In addition to the fiction novels, Amitav Ghosh has also written non-fiction literature including the famous Imam and the Indian and in an Antique Land. In an Antique Land was released in 1992 and borrows heavily from the Ghosh anthropology training while defying the generic details. The novel brings out the delicate and deeply moving evocation of the twelfth century Egypt. The Imam and the Indian novel was released in 2002 and features a large collection of different themed essays that include Egyptian culture, literature, history of the novel and fundamentalism.

Awards and Recognitions

Amitav Ghosh has won several accolades for his amazing fictitious and non-fictitious literature. In 1990, Ghosh won three accolades that include the France Prix Medicis award with the Circle of Reason, and the Sahitya Akademi Award and Ananda Puraskar with the Shadow Lines. In 1997, the Calcutta Chromosome won the Arthur C. Award. In 2001, Ghosh was back in the limelight when his literature, the Glass Palace won the International e-Book Award in Frankfurt. The Hungry Tide also won a major Indian award, the Crossword Book Prize in 2005.

Another novel that brought Amitav Ghosh awards and recognition is the Sea of Poppies, which was shortlisted for the Man Booker Prize in 2008. Although it did not win the Man Booker Award, it won the Indian Plaza Golden Quill Award and the Crossword Book Prize in the same year. In 2011, Ghosh also hit the limelight when his literature the River of Smoke was shortlisted for Asian Literary Prize. In 2007, Ghosh was recognized by the Government of India and bestowed the Padma Shri civilian honor.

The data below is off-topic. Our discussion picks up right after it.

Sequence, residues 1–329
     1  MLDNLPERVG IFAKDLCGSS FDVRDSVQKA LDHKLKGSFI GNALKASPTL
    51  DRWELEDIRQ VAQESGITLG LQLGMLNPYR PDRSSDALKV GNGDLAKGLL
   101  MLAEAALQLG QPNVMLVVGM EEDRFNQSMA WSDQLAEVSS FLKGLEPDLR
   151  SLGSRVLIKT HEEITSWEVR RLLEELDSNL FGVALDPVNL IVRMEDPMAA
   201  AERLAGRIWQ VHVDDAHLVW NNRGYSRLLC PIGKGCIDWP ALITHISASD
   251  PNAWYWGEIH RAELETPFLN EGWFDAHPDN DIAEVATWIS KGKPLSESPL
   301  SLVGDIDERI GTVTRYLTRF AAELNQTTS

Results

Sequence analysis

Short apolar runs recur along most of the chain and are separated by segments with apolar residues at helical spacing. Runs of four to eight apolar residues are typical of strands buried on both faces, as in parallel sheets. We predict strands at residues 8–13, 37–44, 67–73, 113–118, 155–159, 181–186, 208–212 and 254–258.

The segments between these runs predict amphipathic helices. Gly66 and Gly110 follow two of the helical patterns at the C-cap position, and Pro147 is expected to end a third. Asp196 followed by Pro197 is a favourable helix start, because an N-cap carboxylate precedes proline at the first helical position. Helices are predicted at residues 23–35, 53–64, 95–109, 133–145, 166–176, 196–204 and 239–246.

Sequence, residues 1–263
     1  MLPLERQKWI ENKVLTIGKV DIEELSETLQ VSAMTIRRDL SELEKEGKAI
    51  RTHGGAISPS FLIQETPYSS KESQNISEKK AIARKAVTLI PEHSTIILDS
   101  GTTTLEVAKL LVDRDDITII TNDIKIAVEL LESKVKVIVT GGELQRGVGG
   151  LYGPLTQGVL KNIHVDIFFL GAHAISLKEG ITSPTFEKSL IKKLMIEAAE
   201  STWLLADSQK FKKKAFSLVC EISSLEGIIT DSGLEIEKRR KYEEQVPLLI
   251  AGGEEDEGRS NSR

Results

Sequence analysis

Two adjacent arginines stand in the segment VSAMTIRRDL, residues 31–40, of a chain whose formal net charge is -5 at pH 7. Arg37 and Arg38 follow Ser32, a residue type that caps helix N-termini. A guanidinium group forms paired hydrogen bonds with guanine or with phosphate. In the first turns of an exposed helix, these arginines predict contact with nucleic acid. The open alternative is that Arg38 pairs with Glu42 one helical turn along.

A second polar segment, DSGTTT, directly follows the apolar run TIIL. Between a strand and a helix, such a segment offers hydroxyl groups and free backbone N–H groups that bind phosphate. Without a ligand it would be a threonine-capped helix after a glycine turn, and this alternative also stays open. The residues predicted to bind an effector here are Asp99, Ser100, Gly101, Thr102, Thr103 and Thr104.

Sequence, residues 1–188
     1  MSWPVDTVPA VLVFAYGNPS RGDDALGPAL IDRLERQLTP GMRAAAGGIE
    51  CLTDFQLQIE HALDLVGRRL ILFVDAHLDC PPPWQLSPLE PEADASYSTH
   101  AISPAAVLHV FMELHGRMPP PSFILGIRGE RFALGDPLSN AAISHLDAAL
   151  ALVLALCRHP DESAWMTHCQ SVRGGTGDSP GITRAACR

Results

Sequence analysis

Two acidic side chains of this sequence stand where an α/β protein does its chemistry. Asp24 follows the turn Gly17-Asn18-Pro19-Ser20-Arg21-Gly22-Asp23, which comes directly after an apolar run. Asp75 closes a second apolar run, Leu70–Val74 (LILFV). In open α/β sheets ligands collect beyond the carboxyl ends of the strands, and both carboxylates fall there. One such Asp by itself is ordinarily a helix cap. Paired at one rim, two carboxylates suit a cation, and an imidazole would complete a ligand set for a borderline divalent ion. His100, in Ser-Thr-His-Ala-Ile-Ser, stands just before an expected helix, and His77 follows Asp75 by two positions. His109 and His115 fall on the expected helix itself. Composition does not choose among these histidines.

In addition to wide honors, Amitav Ghosh has also courted controversy. He withdrew his novel The Glass Palace from Commonwealth Writers’ Prize despite already winning the award protesting the term commonwealth and the English-language requirement. He was also criticized for his acceptance of the $1 million Dan David Prize. His writings have been translated into more than 20 languages. He has also served on the jury of the Venice Film Festival and the Locarno Film Festival. His essays have also been published on various platforms including the New York Times, the New Republic and the New Yorker.